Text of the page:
This type of dysfunctional uterine bleeding is common in the teenage years, right after the onset of your first period. This is because your hypothalamic-pituitary-ovarian axis is not mature yet, so your progesterone levels can be varied from month to month.

Anovulatory dysfunctional uterine bleeding also occurs during your perimenopause years, when your decreased estrogen levels are not high enough to stimulate the LH surge that occurs during ovulation. (Progesterone is produced by the corpus luteum, which is the follicle that the mature egg bursts out of. So when you don’t ovulate, the uterine lining does not thicken and you will have no period that month.)

Ovulatory dysfunctional uterine bleeding isn’t fully understood. No hormonal imbalance is found in the women who ovulate and still have dysfunctional uterine bleeding. They typically have normal levels of estrogen and progesterone. Experts theorize that changes in body chemicals, rather than a hormonal imbalance, can cause ovulating women to experience dysfunctional uterine bleeding. But again, this type of dysfunctional uterine bleeding isn’t well understood.

Treatment for Abnormal Vaginal Bleeding

Doctors often diagnose dysfunctional uterine bleeding after they perform a pelvic examination, Pap smear, complete blood count, thyroid function test, biopsy, and other tests to rule out any other medical conditions that may be causing your abnormal vaginal bleeding.

Women in their teen years are often not treated for irregular periods and dysfunctional uterine bleeding, because periods tend to become more regular as you age. If you’re in this age group and your blood loss is causing you to become anemic, you will be treated with iron supplements.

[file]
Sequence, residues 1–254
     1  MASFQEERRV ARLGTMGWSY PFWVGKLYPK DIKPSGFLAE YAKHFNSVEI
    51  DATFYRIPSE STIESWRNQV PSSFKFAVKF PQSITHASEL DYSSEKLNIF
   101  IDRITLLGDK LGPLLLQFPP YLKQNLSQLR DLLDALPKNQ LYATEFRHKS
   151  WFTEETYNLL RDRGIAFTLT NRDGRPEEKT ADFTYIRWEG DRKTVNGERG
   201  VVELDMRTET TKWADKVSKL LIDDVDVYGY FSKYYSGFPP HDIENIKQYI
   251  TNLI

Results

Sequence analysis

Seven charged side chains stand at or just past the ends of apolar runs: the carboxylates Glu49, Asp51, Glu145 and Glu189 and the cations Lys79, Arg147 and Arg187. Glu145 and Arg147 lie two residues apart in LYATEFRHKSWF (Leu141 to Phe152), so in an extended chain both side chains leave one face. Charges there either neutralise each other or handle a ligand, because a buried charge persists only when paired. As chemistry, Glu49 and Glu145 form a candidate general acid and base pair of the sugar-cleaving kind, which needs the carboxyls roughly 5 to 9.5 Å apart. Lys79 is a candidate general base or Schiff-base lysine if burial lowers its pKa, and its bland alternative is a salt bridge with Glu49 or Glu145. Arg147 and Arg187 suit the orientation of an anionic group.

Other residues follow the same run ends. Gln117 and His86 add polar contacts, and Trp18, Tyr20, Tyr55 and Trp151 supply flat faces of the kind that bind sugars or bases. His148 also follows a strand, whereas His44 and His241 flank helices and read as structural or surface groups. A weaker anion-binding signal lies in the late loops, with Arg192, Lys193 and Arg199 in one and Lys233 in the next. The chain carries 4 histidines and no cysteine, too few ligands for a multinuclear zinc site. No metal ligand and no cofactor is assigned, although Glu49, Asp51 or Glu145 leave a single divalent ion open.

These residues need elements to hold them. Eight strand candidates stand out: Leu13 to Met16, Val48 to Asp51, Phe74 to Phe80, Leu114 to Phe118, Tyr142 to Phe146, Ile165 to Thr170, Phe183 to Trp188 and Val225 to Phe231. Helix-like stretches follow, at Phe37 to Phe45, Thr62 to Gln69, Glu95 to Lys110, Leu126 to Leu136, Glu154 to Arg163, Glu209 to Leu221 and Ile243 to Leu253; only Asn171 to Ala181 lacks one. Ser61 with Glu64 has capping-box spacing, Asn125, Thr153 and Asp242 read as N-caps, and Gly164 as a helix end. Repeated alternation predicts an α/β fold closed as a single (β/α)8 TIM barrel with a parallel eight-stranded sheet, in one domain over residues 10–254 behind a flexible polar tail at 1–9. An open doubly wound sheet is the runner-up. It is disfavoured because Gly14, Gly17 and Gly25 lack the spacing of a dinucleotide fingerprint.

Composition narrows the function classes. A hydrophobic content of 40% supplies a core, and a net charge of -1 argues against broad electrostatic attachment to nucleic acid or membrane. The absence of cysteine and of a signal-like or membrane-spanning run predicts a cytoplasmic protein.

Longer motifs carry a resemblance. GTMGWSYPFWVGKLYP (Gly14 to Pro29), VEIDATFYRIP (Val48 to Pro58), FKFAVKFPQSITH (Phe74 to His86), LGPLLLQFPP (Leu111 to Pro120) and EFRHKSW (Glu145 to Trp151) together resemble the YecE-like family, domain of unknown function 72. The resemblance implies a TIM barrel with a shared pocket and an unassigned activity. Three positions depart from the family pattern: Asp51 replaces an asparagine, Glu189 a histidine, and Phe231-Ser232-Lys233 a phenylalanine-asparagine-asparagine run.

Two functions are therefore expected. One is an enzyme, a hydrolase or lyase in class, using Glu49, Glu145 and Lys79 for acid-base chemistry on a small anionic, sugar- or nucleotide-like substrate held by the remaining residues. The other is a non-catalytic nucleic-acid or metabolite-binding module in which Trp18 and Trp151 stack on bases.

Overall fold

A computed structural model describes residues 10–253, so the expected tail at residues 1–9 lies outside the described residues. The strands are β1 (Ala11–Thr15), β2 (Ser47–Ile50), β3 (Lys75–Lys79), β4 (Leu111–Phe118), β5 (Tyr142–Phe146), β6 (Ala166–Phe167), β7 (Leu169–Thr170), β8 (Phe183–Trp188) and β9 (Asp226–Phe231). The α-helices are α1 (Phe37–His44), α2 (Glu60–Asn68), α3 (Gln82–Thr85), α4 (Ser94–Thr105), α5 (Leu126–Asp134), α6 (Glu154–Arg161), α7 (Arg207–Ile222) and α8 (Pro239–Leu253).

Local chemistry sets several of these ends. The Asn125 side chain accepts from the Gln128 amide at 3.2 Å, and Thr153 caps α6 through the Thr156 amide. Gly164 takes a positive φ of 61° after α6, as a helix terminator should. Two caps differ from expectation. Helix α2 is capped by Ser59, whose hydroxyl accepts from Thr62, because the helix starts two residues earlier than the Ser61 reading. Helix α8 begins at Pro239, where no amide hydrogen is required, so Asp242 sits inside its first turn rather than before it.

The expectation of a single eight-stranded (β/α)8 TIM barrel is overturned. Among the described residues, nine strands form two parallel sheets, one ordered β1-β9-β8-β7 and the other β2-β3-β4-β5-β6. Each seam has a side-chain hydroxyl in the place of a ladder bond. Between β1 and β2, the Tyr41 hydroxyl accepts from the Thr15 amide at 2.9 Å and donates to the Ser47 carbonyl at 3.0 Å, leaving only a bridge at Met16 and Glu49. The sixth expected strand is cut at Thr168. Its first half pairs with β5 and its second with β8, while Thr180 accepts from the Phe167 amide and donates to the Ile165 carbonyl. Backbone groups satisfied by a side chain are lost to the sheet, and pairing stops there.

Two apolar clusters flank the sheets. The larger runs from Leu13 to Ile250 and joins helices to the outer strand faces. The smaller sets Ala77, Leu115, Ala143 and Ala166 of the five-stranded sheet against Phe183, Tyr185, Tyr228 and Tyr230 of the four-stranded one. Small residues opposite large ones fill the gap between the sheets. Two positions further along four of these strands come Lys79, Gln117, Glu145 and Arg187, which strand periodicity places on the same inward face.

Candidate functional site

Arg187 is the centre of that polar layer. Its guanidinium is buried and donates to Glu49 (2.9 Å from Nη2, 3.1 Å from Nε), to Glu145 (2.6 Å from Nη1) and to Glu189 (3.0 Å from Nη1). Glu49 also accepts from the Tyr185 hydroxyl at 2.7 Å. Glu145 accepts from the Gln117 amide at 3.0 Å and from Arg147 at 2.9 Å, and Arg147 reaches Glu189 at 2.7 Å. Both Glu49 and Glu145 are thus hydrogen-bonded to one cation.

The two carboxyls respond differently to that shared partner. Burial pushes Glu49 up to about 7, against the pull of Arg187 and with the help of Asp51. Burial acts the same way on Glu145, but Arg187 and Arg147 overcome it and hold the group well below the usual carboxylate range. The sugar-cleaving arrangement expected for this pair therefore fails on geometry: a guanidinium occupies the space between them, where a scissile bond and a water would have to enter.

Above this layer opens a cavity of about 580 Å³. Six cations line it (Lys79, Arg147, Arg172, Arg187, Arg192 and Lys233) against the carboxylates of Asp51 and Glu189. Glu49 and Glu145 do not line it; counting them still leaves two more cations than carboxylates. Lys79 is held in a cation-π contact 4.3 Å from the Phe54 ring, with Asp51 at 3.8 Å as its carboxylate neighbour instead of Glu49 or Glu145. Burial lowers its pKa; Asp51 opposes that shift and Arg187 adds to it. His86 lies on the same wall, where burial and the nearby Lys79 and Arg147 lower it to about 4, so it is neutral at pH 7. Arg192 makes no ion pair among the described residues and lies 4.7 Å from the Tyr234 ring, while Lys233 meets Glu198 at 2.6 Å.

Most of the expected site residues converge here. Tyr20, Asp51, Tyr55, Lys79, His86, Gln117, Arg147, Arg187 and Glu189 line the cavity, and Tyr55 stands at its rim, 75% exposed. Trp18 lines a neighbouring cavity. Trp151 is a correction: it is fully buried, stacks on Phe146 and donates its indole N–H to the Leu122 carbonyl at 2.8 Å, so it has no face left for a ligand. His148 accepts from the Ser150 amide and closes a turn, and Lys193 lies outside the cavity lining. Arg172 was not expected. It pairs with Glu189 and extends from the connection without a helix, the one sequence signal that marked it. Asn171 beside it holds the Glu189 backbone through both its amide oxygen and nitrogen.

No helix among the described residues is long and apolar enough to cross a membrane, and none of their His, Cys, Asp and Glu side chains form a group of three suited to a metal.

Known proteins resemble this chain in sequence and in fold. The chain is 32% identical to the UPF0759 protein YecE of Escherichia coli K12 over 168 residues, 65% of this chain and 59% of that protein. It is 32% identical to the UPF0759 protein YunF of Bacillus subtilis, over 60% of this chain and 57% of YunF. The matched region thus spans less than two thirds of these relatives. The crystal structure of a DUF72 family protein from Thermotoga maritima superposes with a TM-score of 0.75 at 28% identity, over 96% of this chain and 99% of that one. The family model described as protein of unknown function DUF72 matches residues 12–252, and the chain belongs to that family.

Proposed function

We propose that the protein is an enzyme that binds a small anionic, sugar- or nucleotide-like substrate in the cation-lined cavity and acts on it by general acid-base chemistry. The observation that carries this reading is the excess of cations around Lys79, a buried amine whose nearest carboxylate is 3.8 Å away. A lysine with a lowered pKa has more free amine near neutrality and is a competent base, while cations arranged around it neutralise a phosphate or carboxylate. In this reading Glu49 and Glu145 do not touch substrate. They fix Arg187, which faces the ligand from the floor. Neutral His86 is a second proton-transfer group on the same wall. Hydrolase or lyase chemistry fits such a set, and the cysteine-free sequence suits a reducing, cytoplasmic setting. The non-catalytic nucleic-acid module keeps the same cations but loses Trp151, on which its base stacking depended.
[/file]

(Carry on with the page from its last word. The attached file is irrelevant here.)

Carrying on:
For other women, treatment for dysfunctional uterine bleeding typically involves finding a way to regulate your menstrual cycle. You may be asked to take hormonal birth control pills to control your menstrual cycle and to reduce the amount of bleeding and cramping you experience. Your doctor may recommend an intrauterine device (IUD), which release progesterone to reduce bleeding. (The IUD will also prevent pregnancy.) Sometimes, surgery (like a hysterectomy and endometrial ablation) is recommended when other treatments fail.

To help with heavy bleeding and menstrual pain, your doctor may recommend that you take regular doses of ibuprofen (Advil) or another nonsteroidal anti-inflammatory drug (NSAID).

Hormonal therapy typically resolves the symptoms of dysfunctional uterine bleeding. In some situations, your doctor may recommend that you try a “wait and see” approach. It’s highly recommended that women with this period problem talk to their doctor and healthcare provider about the best treatment in their individual case.

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Ovulation with No Period – Can You Ovulate Without a Period?
Period Problems: Irregular Periods, Heavy Periods and Other Menstrual Problems
Best iPhone Period Tracker Apps to Track Menstrual Cycles

About the author: DP Nguyen is founder and editor of Hip Chick’s Guide to PMS, Pregnancy and Babies. She’s an expert pregnancy and women’s health blogger. She is NOT a medical doctor and does NOT offer medical advice. Connect with her on Google+, Twitter and Facebook.